Your doctor, midwife or a friend or family member may have told you that you will have to get rid of your cat during your pregnancy. You may also have read in pregnancy books that cats pose a risk to you and your unborn baby. The good news is that this is an outdated idea although you may want to take some precautions with regards to your kitty while you are pregnant.
Cats pass a disease called toxoplasmosis in their feces that is found in other animals that the cat eats or comes into contact with such as mice, birds and or contaminated raw meat. The disease is parasitic in nature and goes through a series of stages in their life cycle.
Unfortunately, the parasites are in the infectious stage when they are passed in the feces. However, infection can only occur from ingestion and since you aren’t exactly going to eat cat feces, the risk of contracting the disease from your cat is relatively low. You aren’t going to get the disease from the odor of cat feces or urine or even touching or playing with your feline friend.
There are some precautions that you should take to ensure that you and baby stay safe:
If your cat lives only indoors and never has access to catching or eating rats, mice or other animals, it is less than likely that they have toxoplasmosis. A cat that does go outdoors is more likely to contract the disease without your knowledge.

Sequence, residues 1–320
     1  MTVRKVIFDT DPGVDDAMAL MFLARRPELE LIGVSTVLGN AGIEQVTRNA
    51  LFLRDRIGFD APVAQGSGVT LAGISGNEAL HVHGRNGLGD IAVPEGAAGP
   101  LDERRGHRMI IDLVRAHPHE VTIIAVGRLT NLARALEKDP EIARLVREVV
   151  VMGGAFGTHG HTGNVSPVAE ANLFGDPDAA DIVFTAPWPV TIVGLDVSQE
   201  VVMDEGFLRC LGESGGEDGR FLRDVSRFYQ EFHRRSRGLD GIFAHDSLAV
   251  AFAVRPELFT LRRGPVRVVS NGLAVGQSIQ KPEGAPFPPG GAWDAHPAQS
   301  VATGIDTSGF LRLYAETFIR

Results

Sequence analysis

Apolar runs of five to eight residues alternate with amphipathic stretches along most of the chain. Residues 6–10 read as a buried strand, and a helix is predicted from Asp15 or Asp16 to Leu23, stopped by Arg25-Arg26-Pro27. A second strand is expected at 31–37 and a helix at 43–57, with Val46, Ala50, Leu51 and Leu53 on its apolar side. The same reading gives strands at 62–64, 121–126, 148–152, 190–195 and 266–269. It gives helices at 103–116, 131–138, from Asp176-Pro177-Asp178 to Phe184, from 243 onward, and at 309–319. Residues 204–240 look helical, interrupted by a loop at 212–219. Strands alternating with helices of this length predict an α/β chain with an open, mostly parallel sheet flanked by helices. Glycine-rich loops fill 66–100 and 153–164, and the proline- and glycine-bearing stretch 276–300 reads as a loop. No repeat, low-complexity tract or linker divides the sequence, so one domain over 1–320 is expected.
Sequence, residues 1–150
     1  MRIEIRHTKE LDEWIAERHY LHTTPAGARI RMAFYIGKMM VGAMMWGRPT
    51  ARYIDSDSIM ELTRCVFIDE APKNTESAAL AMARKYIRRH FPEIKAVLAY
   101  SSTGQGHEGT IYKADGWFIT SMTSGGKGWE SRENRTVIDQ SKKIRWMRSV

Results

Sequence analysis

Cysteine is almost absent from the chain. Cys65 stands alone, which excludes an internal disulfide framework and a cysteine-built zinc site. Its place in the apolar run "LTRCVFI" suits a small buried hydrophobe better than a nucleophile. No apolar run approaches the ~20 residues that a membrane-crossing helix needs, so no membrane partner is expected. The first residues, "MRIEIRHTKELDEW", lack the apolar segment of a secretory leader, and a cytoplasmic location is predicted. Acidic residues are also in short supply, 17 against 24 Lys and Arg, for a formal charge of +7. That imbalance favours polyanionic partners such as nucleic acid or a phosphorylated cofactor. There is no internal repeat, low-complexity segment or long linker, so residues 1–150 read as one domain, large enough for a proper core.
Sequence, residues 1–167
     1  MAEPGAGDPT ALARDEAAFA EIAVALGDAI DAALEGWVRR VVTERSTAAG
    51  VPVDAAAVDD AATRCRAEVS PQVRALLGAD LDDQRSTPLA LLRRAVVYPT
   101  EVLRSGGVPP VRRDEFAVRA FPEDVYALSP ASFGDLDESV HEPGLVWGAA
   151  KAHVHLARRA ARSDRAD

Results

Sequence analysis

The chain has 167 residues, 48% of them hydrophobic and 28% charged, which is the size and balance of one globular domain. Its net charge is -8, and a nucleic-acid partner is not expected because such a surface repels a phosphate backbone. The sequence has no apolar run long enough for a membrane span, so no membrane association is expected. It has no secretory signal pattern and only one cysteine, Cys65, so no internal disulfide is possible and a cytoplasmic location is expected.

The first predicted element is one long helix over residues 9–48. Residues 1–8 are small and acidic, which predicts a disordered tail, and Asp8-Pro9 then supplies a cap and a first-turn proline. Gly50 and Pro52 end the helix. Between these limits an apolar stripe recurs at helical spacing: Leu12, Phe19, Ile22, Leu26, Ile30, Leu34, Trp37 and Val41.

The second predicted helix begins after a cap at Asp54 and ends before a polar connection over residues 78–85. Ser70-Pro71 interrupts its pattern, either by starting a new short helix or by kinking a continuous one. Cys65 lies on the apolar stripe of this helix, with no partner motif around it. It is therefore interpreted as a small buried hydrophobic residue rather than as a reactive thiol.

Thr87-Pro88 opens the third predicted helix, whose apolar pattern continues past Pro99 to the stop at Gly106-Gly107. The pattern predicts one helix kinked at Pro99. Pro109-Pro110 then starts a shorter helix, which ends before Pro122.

It is important to note that they can also contract the disease from digging in soil and not just from eating raw meat or their prey. However, a cat is likely to only be infected once and build up an immunity to the disease after that. This makes it even less likely that you can contract the disease from their feces.
Some precautions you can take to minimize the risk even further if you are still concerned about contracting toxoplasmosis include:
– Wash your hands after petting or playing with your cat. Feces may remain on their feet or fur that could be passed to your hands and ingested if you place your fingers in your mouth or eat with your hands after contact with your cat.
– Avoid feeding your cat raw meat. Raw meat is the most common way that cats and other animals contract the disease.
– Get yourself a cat litter disposal system to effectively get rid of soiled cat litter and to prevent them from digging in the soil outdoors.
– Ask another family member to clean out the litter box and don’t do this yourself.
Although toxoplasmosis is mostly not dangerous for humans, the disease can result in birth defects (malformation) as well as miscarriage if the disease is contracted during pregnancy (especially in the first trimester). However, the risks from contracting the disease from your cat are extremely low and it is more likely to get it from working in the garden or eating contaminated meat.
If you are still worried, speak to your doctor about your concerns and ask about any additional precautions that you can take.